This post follows on from my previous one, entitled “Can I still get a massage if I have cancer?” It’s worth reading that one too if you haven’t already.
In the last post I highlighted that there is no need to deny massage to people with a history of cancer provided that the treatment is given by therapists with appropriate training in oncology massage. However, there are still fears among some that massage can cause cancer to spread, so I thought it would be appropriate to tackle those fears in this post.
Why was massage contraindicated for cancer patients in the past?
The short answer is because massage is believed to increase circulation, and this was thought to increase cancer spread (metastasis). I say ‘believed to’ because there is more research to be done in this area. While massage may increase circulation there are still unanswered questions regarding where exactly (at the site of massage? systemically? in deeper tissues? in the skin?), and for how long the effects last. This aside, the fear was that the boost in circulation would help cancer spread.
How does cancer spread?
Put in its simplist terms: cancer cells shed from the original tumor; they enter the bloodstream/lymphatic system; they implant elsewhere.
Now there’s quite a lot more to it than that but those are the basic stages involved. The cells do indeed circulate around the body, but most of them don’t form new tumors. For a start many don’t survive the rough ride around the circulatory systems. Others are destroyed by the body’s immune system. Furthermore, to be able to successfully reproduce once they are implanted the conditions have to be right. The new tissue environment needs to be favourable and there must be access to nutrients.
“[Metastasis] is quite a complicated process and most cancer cells don’t survive it. Probably, out of many thousands of cancer cells that reach the bloodstream, only a few will survive to form a secondary cancer.” Cancer Research UK, How Cancer Can Spread
So what are the implications if the circulation increases? Here are some questions to think about:
- If someone with cancer was to avoid any practices that increased his circulation (i.e. adopt a completely sedentary lifestyle), would that stop his cancer from spreading?
- Do doctors advise cancer patients not to exercise?
- Are people with cancer discouraged from taking part in fundraising races, such as Race for Life?
The answer to all 3 questions is no. Blood flow rate is not a factor in metastasis and cancer patients are encouraged by medical professionals to maintain healthy lifestyles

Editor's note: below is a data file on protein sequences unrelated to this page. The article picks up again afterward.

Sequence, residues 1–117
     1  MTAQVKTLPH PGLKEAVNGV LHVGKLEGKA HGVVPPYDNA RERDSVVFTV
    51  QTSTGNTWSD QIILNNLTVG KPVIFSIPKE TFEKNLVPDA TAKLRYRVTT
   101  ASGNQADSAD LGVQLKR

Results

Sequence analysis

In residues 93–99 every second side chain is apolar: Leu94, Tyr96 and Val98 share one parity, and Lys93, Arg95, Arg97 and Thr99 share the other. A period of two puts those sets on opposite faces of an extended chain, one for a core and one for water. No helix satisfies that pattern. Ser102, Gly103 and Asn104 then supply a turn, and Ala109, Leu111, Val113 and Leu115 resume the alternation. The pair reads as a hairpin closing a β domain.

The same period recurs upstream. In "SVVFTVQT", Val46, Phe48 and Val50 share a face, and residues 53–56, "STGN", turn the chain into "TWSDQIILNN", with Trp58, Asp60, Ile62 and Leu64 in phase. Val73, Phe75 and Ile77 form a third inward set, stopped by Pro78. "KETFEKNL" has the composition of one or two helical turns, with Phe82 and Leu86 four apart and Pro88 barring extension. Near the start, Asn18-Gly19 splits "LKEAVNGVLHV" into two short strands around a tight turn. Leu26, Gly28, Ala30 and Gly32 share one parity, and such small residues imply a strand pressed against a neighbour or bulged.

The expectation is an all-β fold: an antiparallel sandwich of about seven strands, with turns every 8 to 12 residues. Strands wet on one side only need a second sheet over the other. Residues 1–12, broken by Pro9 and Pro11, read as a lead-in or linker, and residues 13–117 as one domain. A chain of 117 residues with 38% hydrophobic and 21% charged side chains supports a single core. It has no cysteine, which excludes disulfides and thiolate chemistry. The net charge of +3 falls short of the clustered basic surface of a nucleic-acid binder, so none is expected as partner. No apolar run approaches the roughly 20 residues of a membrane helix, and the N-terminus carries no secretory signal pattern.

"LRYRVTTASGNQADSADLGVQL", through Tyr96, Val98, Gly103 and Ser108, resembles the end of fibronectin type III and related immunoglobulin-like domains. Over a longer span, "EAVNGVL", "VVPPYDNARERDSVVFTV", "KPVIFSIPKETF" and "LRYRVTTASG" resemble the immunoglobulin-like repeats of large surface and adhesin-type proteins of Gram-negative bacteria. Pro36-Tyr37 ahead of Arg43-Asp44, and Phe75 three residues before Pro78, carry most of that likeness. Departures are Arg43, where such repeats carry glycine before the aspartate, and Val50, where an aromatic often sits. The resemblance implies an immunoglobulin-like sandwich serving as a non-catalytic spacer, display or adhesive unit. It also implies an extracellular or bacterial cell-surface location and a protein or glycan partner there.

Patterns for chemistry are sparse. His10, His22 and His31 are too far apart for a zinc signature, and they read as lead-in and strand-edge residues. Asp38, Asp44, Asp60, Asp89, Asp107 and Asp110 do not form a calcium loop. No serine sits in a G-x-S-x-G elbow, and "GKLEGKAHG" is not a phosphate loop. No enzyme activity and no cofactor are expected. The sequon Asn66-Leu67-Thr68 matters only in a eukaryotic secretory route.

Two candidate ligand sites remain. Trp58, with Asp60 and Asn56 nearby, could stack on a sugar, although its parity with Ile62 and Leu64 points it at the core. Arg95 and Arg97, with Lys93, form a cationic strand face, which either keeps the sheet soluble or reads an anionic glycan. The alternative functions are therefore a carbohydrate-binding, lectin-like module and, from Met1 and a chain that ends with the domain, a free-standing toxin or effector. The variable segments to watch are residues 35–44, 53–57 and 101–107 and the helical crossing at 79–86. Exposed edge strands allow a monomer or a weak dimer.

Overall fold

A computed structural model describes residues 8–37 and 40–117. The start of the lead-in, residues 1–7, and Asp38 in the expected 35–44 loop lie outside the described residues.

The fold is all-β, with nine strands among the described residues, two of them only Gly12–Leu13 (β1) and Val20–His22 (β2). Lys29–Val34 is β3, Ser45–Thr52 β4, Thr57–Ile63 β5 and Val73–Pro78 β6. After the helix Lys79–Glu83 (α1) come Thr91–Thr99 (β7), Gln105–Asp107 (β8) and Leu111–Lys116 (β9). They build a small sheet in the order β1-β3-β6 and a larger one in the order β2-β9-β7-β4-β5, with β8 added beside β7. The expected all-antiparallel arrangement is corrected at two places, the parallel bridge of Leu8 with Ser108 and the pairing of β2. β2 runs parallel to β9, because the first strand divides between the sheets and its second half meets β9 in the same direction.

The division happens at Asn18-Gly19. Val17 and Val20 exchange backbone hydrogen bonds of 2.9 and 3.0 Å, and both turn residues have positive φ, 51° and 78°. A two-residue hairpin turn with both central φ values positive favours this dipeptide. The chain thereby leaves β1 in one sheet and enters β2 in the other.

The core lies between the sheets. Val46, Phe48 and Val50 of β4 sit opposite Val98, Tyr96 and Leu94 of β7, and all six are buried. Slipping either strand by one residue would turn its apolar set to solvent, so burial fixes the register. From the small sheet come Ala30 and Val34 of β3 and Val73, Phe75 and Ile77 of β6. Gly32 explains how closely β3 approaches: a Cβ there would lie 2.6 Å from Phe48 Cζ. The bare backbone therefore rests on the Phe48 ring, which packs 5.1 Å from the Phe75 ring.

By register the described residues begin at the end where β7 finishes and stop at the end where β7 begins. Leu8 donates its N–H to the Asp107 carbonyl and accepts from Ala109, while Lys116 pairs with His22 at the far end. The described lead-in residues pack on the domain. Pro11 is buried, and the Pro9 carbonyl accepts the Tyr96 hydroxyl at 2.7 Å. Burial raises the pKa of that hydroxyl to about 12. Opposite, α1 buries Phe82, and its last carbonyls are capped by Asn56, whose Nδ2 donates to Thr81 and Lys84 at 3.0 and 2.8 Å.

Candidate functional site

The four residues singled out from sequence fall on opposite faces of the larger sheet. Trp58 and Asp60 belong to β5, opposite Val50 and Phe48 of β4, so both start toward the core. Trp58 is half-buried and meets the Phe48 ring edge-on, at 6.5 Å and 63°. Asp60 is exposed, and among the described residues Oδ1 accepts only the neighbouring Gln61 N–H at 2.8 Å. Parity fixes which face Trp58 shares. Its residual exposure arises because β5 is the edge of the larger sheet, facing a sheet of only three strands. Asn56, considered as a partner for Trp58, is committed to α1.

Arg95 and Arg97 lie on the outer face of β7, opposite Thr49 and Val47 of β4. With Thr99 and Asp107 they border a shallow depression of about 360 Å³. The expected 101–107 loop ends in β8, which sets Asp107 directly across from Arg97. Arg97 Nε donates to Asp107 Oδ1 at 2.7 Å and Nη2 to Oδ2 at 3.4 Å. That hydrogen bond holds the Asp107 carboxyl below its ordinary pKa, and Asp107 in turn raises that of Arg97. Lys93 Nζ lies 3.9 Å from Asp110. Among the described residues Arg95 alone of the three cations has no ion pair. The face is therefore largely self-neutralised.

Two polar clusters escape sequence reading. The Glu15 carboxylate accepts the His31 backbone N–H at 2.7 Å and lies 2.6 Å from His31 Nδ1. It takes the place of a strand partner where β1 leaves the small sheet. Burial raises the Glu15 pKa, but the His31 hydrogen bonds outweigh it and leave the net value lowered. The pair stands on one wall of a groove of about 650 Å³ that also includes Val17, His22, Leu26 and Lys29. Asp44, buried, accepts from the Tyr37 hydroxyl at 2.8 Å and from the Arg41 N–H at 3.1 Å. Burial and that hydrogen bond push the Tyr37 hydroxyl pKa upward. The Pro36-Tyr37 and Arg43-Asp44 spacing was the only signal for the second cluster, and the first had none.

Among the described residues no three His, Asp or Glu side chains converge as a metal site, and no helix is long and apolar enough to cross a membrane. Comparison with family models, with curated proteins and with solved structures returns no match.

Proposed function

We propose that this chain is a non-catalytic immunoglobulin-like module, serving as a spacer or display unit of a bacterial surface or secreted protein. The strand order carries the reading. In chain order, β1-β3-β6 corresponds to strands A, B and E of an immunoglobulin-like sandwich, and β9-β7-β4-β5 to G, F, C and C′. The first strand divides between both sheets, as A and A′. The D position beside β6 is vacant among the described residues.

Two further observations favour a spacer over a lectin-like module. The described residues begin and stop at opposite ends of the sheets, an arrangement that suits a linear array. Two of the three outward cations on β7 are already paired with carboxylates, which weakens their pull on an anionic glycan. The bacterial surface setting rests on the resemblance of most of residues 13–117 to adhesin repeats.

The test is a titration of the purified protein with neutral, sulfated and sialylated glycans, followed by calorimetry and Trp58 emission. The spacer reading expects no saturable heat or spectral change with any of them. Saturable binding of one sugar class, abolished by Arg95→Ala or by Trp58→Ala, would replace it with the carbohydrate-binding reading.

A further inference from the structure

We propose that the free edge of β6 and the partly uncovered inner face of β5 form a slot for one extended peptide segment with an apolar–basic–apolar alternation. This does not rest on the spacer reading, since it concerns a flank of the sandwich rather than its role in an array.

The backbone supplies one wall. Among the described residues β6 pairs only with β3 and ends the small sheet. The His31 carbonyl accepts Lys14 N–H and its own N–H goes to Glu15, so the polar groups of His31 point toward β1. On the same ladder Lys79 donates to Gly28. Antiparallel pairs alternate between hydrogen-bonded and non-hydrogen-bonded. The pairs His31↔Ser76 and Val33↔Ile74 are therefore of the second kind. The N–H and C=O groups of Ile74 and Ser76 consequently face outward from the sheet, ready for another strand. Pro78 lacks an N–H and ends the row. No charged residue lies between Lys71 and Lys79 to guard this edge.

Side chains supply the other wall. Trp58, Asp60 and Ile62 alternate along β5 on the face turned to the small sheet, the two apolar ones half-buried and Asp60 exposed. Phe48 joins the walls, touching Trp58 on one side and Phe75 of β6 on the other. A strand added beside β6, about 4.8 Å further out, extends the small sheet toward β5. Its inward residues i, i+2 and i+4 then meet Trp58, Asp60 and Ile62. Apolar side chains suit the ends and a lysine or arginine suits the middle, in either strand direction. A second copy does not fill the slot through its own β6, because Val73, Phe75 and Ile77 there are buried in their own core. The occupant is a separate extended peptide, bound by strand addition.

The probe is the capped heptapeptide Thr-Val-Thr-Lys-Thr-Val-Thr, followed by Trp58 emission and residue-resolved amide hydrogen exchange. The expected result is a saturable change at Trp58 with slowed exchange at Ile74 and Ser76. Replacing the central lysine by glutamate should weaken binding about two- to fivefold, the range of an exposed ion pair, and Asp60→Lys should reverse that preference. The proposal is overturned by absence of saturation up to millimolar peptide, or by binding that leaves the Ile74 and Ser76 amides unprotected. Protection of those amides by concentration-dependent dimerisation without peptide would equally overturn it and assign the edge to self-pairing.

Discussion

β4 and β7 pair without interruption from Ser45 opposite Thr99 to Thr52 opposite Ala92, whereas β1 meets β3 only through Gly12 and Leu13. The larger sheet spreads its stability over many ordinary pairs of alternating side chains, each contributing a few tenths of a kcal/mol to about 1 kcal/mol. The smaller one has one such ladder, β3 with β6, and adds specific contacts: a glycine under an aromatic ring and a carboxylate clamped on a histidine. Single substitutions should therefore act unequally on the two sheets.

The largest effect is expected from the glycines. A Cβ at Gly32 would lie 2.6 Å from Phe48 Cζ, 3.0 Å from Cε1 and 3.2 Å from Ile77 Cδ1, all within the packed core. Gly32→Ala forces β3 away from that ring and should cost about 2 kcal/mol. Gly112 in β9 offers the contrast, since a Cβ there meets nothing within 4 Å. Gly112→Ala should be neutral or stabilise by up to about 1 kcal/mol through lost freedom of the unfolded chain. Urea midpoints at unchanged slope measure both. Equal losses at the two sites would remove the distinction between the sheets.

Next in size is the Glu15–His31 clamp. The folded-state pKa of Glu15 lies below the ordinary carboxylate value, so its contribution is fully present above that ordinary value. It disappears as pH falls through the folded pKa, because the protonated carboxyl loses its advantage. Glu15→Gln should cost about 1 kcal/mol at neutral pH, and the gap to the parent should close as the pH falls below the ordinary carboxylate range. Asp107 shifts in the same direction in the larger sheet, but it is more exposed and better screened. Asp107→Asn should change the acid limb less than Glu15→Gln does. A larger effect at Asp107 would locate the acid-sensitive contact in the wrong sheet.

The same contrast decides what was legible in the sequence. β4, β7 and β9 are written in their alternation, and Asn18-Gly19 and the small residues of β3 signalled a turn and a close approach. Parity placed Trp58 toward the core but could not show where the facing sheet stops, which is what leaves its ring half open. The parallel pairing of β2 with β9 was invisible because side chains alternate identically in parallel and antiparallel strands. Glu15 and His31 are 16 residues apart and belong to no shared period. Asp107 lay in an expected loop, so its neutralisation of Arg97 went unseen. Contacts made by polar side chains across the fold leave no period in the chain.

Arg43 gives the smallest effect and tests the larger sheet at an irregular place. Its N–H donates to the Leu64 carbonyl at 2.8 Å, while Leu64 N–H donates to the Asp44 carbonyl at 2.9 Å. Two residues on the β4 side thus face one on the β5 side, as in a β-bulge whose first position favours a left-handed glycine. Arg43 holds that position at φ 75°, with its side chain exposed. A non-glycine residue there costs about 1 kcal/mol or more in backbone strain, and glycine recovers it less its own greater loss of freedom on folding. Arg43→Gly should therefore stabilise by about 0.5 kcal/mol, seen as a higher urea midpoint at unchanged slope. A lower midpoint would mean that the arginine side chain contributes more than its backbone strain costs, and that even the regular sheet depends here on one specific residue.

If you need reassurance, here are some quotes from some authoritative sources (with links to the originals):
“In general it [research] recommended the same level of activity for people with cancer as for the general population…If you’re having treatment or have recently finished, it’s fine to start exercising if you feel like it. How much you do really depends on how fit you are generally.” Cancer Research UK’s Exercise Guidelines for Cancer Patients
“In a first, a national cancer organization has issued formal guidelines recommending exercise as part of cancer treatment, for all cancer patients. ” Harvard Medical School, Exercise as Part of Cancer Treatment
“The Telegraph says that Macmillan Cancer Support has found that “only a fifth of patients who have been through treatment are told of the ‘wonder drug’ type benefits of exercise”.” The NHS, People with Cancer Need More Exercise
“If you’re living with or after cancer, being physically active is safe and has lots of benefits. Knowing about these can give you the motivation to keep going.” Macmillan Cancer Support, Get Active Feel Good
So the experts aren’t worried about cancer patients increasing their circulation. On the contrary, they are encouraged to do so.
Can massage disturb the original tumor site?
All therapists trained in oncology massage avoid known tumor sites. This is why they conduct an in depth consultation with their clients before any treatment is given. Theoretically massage could disturb the original site of a tumor, but pressure would need to be applied directly to the site, and no therapist would do that, it’s common sense.
Skilled massage, following a detailed consultation, that takes into account known tumor sites will not spread cancer. If massage does indeed increase circulation this does not raise concerns about cancer spread. Metastasis is a complex process and implantation at new sites is not influenced mechanically by gentle touch. This is why massage is often available at cancer centres around the UK.